The biggest barrier women face in achieving their financial goals is a lack of money. Although many women enjoy successful careers, there is still a gender wage gap to contend with. According to Salary.com, over a 40-year career at median incomes, a woman would take home about $400,000 less than a man. Geography plays a role too; with women in Vermont making 90% of what their male counterparts earn, but women in Wyoming only making 65%.
It’s going to take more than a side hustle or selling pre-worn clothing and belongings on e-commerce marketplaces for women to boost their overall earnings. GOBankingRates spoke with Pam Krueger, CEO and founder of Wealthramp, a fiduciary advisor matching platform, to learn about the six best steps women can take to boost their wealth.
Now is not the time to wait for a raise or a new opportunity to come to you. Krueger said to take the reins and be in a proactive mindset.
If you’re seeking a raise, create a list of your outstanding accomplishments and their return on investment on the business. Gather credible salary data for your role and location as part of due diligence for negotiations. Consider other benefits that you may be able to take advantage of, like an education stipend, to better support your lifestyle. If you don’t see certain benefits offered that could act as a financial boost to you, put in a request or suggest it.
Tap Into Valuable Work Benefits
This includes your HSA, FSA and a full match on 401(k) if your company offers these benefits.
“You may also want to consider working longer, deferring Social Security benefits, maxing out retirement accounts and using long-term care,” said Krueger.
Don’t Overlook Your 401(k)
Your 401(k) is here to help you invest smartly by using dollar-cost averaging, one of the most proven investment strategies. “When you systematically contribute from each paycheck to your 401(k) at work, you automatically buy shares of stock sometimes when stock prices are lower, and other times when prices are higher,” said Krueger.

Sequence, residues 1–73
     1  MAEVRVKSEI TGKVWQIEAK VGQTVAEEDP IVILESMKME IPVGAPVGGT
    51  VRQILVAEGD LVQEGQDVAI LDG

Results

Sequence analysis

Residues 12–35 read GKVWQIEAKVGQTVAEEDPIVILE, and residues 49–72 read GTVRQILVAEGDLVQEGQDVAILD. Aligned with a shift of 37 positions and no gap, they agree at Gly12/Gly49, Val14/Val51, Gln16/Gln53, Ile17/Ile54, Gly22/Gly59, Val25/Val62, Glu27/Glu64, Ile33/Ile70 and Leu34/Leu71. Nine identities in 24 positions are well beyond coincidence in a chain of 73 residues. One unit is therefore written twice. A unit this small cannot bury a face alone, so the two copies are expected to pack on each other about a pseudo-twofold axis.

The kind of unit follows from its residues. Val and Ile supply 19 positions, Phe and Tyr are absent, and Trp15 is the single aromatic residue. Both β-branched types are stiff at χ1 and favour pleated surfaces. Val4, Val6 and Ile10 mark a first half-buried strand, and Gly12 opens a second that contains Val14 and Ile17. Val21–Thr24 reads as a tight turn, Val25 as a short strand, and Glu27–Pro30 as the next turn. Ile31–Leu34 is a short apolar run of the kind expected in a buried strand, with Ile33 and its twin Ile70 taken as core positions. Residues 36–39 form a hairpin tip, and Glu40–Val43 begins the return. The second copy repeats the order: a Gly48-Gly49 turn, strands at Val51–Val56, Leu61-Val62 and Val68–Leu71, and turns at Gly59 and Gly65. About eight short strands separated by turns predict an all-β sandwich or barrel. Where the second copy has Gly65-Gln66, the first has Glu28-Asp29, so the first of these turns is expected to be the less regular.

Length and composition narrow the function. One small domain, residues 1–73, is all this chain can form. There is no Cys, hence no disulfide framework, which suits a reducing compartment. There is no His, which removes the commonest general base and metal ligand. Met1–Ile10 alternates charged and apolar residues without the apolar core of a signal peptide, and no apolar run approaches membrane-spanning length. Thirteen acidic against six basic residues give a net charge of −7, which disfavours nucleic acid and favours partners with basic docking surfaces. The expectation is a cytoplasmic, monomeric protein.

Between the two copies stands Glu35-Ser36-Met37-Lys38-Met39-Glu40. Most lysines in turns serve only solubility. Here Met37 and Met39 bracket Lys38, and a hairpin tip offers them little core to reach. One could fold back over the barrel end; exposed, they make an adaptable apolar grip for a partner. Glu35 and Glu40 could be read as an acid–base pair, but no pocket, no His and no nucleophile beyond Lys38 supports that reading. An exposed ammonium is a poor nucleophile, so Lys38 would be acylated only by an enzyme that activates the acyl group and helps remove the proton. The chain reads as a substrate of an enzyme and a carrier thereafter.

This means that instead of playing a guessing game about when to buy into the market, dollar-cost averaging smooths out the highs and lows. “Over time, you wind up buying shares at an ‘average’ price and thus you reduce your risk of always buying at the top of the market,” said Krueger.
Take Control of Your Financial Life
It’s time to take total control of every aspect of your financial life. This is especially true of any women in a relationship or married that has been the one to sit back and not engage in their finances.
Not engaging in your finances costs you more than you realize. Krueger said that in taking control of your financial life, make sure you have an understanding of the following areas.
- Any debt you carry
- Your credit score
- How much you have in emergency cash savings
- Your money philosophy and approach to spending, saving and investing
- Your ability to negotiate and ask for what you want
“All of that confidence comes from within when you know your finances,” said Krueger.
Consider Help From a Fiduciary Financial Advisor
Consulting a fiduciary financial advisor for help does mean spending money, but Krueger said getting this advice more than pays for it in the long run. A qualified fiduciary financial advisor will be able to complete a cash flow analysis based on your personal situation and audit your investments, including a 401(k), to make sure you’re not overpaying in fees. From there, this advisor will make recommendations.
If you are considering working with an advisor, Krueger recommends taking your time to find the right person. Do not rush into picking an advisor or choose someone with questionable credentials in the hopes of cutting corners to make more money.
Carefully interview them and make sure they are truly looking out for your best interests. A lack of income can be a big financial barrier, but receiving bad financial advice can derail your financial future and even cause you to lose money.
“Fortifying your finances and sense of financial security starts by getting educated and then creating new wealth-building habits and making smart money decisions,” said Krueger. “Knowledge is power when it comes to money.”
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